While bank CEOs have already been very vocal about their opposition to a series of new regulations that could go into effect in the coming years, the hearing served as a platform for them to persuade more lawmakers who may be on the fence.

The proposed regulation, known as Basel III Endgame, would force banks to set aside more funds to cushion against potential future losses. The eight bank CEOs testifying on Wednesday told lawmakers they would not encounter any issues meeting the new requirements. At the same time, they said it would harm consumers and businesses because banks would not have as much funds available to lend out, which would result in them having to charge higher interest rates.

In addition, the bank leaders said it would negatively impact first-time homebuyers and people saving for retirement.

Democratic senators Sherrod Brown and John Fetterman were the only lawmakers at Wednesday’s hearing who pushed back against the CEOs’ claims they have sufficient guardrails in place to shield them from a bank failure and that forcing them to hold more capital would harm the economy.

All the other senators at Wednesday’s hearing either agreed with the bank CEOs’ claims about the impact of Basel III or did not bring it up.

Few bank CEOs were asked to share their assessments of how the US economy is faring, something that typically comes up at these hearings, given how much information banks have on the health of consumers based on their account and transaction data.


‘Clear Rules of the Road’ Needed, Trades Ask Biden for Help with CFPB

Courtesy of Michael Ogden, Credit Union Times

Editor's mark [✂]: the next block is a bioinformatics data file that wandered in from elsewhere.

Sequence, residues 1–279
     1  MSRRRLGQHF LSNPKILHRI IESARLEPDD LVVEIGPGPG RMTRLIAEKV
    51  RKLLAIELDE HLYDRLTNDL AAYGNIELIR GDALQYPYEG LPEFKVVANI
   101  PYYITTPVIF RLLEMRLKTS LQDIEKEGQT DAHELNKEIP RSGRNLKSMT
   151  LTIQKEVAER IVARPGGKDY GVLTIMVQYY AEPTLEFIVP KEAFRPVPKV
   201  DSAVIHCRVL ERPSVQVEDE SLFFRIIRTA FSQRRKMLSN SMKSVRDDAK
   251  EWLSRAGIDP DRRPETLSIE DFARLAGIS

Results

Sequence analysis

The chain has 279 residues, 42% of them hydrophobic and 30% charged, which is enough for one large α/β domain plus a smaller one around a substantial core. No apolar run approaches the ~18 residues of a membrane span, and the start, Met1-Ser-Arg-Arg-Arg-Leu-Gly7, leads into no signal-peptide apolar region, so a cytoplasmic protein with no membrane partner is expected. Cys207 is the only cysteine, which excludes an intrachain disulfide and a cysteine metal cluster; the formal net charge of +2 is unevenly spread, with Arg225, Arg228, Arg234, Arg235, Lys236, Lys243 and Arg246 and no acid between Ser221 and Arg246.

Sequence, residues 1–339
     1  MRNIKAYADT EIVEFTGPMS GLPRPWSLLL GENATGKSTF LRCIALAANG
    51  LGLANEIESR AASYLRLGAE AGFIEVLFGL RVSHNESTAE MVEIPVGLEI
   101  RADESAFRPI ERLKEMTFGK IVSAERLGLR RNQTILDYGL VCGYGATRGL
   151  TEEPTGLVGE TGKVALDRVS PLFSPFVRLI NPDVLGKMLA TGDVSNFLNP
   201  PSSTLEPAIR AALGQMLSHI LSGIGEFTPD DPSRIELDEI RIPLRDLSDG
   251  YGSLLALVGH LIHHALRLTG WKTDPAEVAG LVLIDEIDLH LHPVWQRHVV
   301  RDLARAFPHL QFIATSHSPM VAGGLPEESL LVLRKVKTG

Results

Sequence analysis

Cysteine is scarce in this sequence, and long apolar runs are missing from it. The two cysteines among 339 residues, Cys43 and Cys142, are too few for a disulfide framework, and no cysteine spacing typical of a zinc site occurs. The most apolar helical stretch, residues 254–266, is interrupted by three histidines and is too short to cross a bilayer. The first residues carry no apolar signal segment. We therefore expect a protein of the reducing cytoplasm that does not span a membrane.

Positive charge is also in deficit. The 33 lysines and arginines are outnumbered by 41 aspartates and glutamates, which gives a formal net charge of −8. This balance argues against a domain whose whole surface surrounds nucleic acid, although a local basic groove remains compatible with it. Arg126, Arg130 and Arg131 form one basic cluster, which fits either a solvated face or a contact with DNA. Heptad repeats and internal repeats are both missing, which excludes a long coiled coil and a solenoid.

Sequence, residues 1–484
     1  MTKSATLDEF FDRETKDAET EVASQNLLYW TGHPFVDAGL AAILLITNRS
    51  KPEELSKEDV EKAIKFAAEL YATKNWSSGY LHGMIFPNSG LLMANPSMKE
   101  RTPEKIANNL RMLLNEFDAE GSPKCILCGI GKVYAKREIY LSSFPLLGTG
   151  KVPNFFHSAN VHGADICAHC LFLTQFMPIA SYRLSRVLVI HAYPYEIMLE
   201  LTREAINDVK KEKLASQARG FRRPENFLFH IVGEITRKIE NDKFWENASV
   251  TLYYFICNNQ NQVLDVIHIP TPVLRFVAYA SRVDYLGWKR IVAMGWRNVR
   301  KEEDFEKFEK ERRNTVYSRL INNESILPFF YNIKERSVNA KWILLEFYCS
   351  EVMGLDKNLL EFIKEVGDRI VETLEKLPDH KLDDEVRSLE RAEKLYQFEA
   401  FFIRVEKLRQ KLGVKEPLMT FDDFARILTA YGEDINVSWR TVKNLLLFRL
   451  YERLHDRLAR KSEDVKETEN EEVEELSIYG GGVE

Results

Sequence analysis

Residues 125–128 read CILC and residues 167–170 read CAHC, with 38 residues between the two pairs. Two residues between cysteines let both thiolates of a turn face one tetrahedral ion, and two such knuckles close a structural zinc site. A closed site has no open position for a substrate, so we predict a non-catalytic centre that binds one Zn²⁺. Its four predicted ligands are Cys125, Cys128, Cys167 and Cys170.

NAFCU, CUNA and others write to President Biden in an effort to rein in the CFPB’s creative rulemaking processes.

Nine financial trade groups, including NAFCU and CUNA, co-authored a letter to President Joe Biden asking for his “support in our quest for clear rules of the road in the financial services industry that take into account both the benefits and costs of regulations.”

Monday’s three-page letter focused on the group’s collective frustration at the CFPB and the chaotic regulatory world the Bureau has created for financial organizations.

“Markets work best when the rules are clear, so it is possible to comply with them,” the groups wrote. “Blog posts that contradict law or regulation, vague guidance that deems common practices like using form contracts or including certain terms and conditions in contracts as alleged violations of law, proclamations of the CFPB’s novel interpretation of law via amicus briefs, or enforcement actions that contradict state law, are not setting clear expectations that it is possible to follow.”

The letter continued, “Moreover, in some instances, guidance has imposed new substantive obligations on affected parties without going through the notice-and-comment process; in these instances, such guidance is not truly ‘guidance,’ but instead operates as a substantive rule.”

The letter to President Biden came on the heels of Friday’s vote by the House of Representatives to halt the implementation of the CFPB’s section 1071 rule. The Senate similarly passed a resolution in October to stop the rule. The rule, which was finalized in March, would require credit unions to collect data on applications for credit for minority-owned, women-owned and small businesses. Credit union trade groups have been against any such rule.